Recalling the many brave young men who fought for the Catholic Church

December 16th, 2018 7:10 AM

By Southern Star Team

A group was recruited in Timoleague by Rev Fr E Mulcahy.

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Author Donal Corcoran recalls the Irish brigade in the Pope's army of 1860

Author Donal Corcoran recalls the Irish brigade in the Pope’s army of 1860

AS a child I was fascinated with two war medals that my great grandfather Patrick Kennedy received fighting for Pope Pius IX in 1860. Who were the brigade? Why did they go? What happened in Italy? How did they get back?  I sought answers, compiled a list of brigade members, and visited the battlefields. 

At that time nationalism was the most potent force for political change. Many people across Europe sought independence from empires or to unite fragmented states into new nations. In Ireland Daniel O’Connell agitated for self-government. But after the Famine the priority changed to land reform. Italy was broken up into independent states. Unification faced a major obstacle. The Papal States stretched across the middle of Italy separating north and south. 

In 1859 Piedmont kick-started the unification of Italy under its King Victor Emmanuel II and prime minister Count Cavour. They planned to annex Tuscany, Parma, Modena, the Papal States, and the kingdom of Naples and Sicily, peacefully or by invasion. In May 1860 anti-clerical republican revolutionary Giuseppe Garibaldi invaded Sicily and Naples.

After Catholic Emancipation, Irish Catholics were organised into a deeply religious and conservative church under Archbishop Paul Cullen. Events in Italy a generated a savage media war. 

Irish Catholic bishops and priests called for prayers, funds were raised (equivalent to €8m today) and 1,300 men recruited to fight. Most were artisans, farmers, clerks, teachers, students, former British soldiers and policemen. 

Few had military experience. Religious impulses, thirst for adventure, escape from dead-end jobs, and opportunity to travel impelled them towards Italy. Some were simply up for a fight.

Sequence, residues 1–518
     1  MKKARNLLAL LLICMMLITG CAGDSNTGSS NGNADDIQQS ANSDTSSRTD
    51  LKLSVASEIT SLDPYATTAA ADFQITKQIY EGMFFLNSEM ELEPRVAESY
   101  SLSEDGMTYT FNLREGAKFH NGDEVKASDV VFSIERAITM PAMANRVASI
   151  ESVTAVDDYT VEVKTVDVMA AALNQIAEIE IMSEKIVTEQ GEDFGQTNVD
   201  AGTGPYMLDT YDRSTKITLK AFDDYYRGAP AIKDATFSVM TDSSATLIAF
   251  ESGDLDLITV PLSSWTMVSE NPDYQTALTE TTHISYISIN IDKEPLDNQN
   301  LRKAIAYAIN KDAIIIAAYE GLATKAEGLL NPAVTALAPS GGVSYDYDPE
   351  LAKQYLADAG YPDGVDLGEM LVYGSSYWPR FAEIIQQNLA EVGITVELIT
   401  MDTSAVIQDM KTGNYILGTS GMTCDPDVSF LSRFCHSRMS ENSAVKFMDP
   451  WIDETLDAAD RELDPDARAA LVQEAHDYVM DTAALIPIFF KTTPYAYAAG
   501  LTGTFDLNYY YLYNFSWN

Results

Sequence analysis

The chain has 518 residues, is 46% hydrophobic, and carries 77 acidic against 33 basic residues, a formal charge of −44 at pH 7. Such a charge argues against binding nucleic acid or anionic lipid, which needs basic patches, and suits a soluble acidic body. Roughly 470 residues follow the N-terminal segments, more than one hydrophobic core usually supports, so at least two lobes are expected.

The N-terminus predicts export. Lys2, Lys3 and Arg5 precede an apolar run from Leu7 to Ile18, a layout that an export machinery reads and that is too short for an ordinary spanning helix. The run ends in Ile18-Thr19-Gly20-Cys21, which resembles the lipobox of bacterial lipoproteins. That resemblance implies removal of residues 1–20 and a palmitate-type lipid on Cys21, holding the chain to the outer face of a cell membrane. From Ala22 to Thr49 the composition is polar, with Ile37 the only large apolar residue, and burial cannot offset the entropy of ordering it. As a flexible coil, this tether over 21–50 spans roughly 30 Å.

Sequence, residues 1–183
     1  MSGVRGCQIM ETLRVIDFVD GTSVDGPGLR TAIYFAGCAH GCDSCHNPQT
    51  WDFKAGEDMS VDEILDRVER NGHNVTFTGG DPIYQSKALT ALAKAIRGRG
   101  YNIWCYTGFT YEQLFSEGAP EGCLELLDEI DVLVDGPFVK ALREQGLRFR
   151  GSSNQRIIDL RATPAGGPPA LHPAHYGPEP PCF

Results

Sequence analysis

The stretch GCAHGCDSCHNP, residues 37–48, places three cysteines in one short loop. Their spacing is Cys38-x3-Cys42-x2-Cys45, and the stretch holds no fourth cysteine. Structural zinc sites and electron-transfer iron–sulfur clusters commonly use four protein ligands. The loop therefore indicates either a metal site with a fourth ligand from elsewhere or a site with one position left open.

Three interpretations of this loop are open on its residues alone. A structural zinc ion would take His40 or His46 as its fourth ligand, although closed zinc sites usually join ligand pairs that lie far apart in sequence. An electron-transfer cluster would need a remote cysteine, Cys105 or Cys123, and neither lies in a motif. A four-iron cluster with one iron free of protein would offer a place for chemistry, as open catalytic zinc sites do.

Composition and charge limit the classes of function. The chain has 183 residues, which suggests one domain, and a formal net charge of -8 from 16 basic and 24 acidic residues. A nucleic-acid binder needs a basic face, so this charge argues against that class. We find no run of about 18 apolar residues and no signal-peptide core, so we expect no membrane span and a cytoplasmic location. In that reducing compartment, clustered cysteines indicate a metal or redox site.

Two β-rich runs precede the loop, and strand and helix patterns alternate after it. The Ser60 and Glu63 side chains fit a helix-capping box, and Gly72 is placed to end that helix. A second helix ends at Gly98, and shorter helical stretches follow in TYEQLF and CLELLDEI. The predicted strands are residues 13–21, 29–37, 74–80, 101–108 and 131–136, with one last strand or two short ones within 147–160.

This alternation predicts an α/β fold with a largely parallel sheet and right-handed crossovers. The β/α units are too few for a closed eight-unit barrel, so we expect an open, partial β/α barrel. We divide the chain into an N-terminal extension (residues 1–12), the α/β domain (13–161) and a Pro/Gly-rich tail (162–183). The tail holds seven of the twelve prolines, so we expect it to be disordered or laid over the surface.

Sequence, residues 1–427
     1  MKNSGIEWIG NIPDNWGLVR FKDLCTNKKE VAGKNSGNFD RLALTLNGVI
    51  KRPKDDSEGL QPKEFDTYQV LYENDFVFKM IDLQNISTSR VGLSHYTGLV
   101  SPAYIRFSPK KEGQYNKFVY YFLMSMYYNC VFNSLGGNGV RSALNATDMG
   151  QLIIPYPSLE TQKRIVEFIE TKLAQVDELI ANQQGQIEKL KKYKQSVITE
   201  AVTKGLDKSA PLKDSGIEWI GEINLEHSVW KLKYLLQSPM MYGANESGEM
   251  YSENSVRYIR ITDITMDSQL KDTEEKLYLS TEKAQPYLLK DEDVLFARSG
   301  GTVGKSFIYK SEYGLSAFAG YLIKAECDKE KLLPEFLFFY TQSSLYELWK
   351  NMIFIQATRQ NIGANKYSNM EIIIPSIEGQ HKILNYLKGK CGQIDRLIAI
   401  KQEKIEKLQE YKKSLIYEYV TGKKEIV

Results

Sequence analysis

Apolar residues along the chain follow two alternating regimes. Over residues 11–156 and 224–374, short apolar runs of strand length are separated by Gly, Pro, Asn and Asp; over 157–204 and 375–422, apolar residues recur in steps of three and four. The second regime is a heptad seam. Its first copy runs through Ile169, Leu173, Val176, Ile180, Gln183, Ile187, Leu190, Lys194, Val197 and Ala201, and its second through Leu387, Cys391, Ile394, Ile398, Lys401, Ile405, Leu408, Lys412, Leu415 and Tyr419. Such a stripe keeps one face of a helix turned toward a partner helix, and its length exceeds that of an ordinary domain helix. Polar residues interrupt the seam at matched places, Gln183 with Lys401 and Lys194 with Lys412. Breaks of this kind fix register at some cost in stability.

They travelled to Italy by rail and cross-channel steamers. The cost was a little over £13. The papal army rapidly expanded under French General Lamoricière. Recruits from Catholic countries doubled its size to over 20,000. 

The race for Rome began. Garibaldi took Naples, Cavour peacefully annexed Tuscany, Parma and Modena and invaded the Papal States. The Irish brigade fought bravely alongside French, Austrian, Italian and Swiss-German papal soldiers at Perugia, Spoleto, Castelfidardo and Ancona in September 1860. After being imprisoned in Genoa they returned home arriving at Monkstown. They received a heroes’ welcome.

Piedmont annexed the Papal States except Rome which was protected by Napoleon III’s French garrison. Garibaldi ceded Naples and Sicily to Victor Emmanuel II sacrificing his republican principles in the interest of Italian unity. Victor Emmanuel II became king of Italy. Pius IX held out in Rome for another decade before being isolated in the Vatican.

The Irish brigade’s exploits were headline news at the time but were soon forgotten. Events in a far-away country had no lasting impact at home. The American Civil War soon involved far more Irishmen, notably brigade members Myles Keogh (killed with General Custer at Little Big Horn) and John Coppinger from Midleton. 

A notable Irish brigade member was Patrick Alphonsus Buckley of Castletownshend, a law student at Louvain, who later became a judge and a government minister in New Zealand. 

A group recruited at Timoleague by Rev Fr E Mulcahy and a farmer’s son named Scully included Daniel Cullinane, Daniel Feen, Patrick Fehely, Maurice Fitzgerald, Patrick Keohane, Michael McCarthy, Francis Mullins, Michael Nugent, John O’Brien and Timothy O’Sullivan. The first brigade member killed, Francis D Allman, was a medical student in Cork, while other brigade members listed may have West Cork links but their home places were not found.


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